The theme of our comic was a play on hacking the web and somewhere along the way, we also started a train metaphor. It was fun to be part of a co-created product and exciting to wait and see what the next person would add and find out how the story/comic ended. I think the project would have had a different feel if it had involved real-time collaboration but I appreciated the suspense of this approach and opportunity for us each to leave a mark individually while still being part of a larger whole. You can check out our final product below:

hack the web bitstrips comic

Next, Kevin actually created a remix of our collaborative comic. I love the idea of being able to continue building, layer upon layer, on a collaborative project. This allows each of us to learn from each other and spark innovative design/creation ideas that we might not have come up with on our own. It also reminds me of a collaborative Google Presentation that came out of #ETMOOC where people added slides about connected learning. As more and more people joined in, the slides began to get more complex and detailed as people inspired one another and led participants to realize new ways of using the tools and expressing ideas.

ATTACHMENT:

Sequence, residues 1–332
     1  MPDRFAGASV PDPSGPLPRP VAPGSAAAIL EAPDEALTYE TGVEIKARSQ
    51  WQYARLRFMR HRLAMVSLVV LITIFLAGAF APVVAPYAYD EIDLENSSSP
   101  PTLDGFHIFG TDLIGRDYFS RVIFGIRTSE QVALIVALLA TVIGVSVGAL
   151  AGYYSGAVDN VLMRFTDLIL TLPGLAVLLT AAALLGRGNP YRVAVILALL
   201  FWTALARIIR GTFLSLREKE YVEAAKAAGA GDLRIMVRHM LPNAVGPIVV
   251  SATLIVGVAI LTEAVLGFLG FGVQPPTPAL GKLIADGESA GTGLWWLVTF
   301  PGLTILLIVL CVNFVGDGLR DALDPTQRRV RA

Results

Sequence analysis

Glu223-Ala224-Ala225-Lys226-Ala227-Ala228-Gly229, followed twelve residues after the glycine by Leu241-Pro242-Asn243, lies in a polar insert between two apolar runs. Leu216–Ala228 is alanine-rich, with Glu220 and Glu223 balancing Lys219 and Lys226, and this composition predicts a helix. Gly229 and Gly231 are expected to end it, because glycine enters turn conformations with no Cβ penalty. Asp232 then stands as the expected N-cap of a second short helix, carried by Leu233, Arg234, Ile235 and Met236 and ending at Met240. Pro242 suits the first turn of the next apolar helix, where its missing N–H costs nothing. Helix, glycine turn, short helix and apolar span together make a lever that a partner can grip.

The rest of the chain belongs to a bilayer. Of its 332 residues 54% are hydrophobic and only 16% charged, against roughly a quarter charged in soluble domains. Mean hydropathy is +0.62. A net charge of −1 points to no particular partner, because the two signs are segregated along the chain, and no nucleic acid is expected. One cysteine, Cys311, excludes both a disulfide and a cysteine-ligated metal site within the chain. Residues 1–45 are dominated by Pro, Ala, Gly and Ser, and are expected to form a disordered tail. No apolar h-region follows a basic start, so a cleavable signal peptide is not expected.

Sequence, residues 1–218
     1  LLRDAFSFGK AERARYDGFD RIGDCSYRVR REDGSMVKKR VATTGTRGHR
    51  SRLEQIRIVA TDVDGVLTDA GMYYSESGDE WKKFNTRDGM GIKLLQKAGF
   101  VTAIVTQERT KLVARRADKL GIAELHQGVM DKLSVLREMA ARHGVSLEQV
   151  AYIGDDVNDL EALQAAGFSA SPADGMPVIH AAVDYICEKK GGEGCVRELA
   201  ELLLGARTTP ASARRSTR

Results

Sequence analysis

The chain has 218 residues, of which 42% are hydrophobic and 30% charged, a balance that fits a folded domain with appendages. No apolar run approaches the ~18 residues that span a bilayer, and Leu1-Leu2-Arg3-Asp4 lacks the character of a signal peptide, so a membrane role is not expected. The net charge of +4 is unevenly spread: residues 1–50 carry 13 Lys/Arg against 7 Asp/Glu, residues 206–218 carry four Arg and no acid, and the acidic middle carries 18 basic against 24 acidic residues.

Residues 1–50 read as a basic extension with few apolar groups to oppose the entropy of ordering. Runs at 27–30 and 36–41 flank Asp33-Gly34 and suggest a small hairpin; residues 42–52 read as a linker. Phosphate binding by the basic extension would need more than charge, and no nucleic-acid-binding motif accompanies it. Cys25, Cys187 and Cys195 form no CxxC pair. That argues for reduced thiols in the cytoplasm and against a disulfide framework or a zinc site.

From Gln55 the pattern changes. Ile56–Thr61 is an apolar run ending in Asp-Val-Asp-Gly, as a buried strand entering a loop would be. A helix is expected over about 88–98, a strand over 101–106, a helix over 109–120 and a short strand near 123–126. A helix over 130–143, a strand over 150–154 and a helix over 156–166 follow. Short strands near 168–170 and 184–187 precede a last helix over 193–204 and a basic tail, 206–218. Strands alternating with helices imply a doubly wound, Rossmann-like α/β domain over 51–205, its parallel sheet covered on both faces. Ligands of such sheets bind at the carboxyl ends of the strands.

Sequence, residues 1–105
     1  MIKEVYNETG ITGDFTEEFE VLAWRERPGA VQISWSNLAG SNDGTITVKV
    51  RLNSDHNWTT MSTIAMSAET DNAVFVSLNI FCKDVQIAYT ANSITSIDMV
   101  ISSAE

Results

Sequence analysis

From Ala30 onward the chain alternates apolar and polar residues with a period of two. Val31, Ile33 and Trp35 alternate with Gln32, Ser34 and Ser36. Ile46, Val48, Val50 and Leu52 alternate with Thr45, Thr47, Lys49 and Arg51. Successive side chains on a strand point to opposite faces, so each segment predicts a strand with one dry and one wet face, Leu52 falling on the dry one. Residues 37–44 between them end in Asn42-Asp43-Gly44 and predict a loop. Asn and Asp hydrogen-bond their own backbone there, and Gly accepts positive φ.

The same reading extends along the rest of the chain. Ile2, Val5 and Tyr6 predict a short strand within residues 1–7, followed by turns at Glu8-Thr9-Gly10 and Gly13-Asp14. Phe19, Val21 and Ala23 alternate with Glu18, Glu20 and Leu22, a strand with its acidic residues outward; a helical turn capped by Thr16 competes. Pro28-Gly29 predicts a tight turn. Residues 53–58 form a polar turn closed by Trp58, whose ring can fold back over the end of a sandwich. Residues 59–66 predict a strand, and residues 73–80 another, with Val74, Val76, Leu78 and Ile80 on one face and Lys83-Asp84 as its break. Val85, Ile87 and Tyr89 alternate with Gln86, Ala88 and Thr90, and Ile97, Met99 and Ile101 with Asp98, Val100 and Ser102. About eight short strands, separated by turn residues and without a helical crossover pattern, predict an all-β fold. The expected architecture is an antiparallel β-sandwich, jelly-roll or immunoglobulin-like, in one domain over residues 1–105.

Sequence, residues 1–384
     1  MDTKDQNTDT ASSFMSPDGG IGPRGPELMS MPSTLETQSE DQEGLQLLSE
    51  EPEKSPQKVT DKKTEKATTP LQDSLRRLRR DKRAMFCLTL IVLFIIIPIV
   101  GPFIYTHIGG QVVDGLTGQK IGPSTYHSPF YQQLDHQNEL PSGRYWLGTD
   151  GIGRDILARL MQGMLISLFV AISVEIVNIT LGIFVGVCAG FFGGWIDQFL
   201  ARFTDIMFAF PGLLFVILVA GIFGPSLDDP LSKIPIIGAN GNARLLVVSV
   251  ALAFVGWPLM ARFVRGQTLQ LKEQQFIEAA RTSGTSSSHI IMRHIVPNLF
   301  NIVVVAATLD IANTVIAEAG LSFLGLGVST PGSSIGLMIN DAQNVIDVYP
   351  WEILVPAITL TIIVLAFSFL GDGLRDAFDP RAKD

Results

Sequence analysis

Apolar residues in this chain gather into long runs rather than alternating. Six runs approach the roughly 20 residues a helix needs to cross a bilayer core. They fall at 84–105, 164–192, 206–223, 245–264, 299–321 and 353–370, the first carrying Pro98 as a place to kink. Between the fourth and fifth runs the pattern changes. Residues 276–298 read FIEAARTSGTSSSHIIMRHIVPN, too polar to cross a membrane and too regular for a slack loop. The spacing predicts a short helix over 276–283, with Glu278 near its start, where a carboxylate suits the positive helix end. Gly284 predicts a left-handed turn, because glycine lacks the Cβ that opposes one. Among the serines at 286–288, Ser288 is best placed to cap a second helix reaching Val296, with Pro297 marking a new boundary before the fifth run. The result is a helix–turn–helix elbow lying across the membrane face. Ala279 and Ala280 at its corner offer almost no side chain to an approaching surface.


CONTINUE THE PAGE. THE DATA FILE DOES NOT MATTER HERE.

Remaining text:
During the #TeachTheWeb Twitter chat this week, we talked about how transparency can motivate others to innovate and make/create. The transparency that’s possible in a shared Google Presentation, where you can see others working in real-time openly making changes and letting their work and inspiration be seen, is really motivating. This same transparency in code – the ability to use the X-Ray Goggles or other tools to see how someone created a website, has pushed me to experiment and try new tags and edits to make new web creations.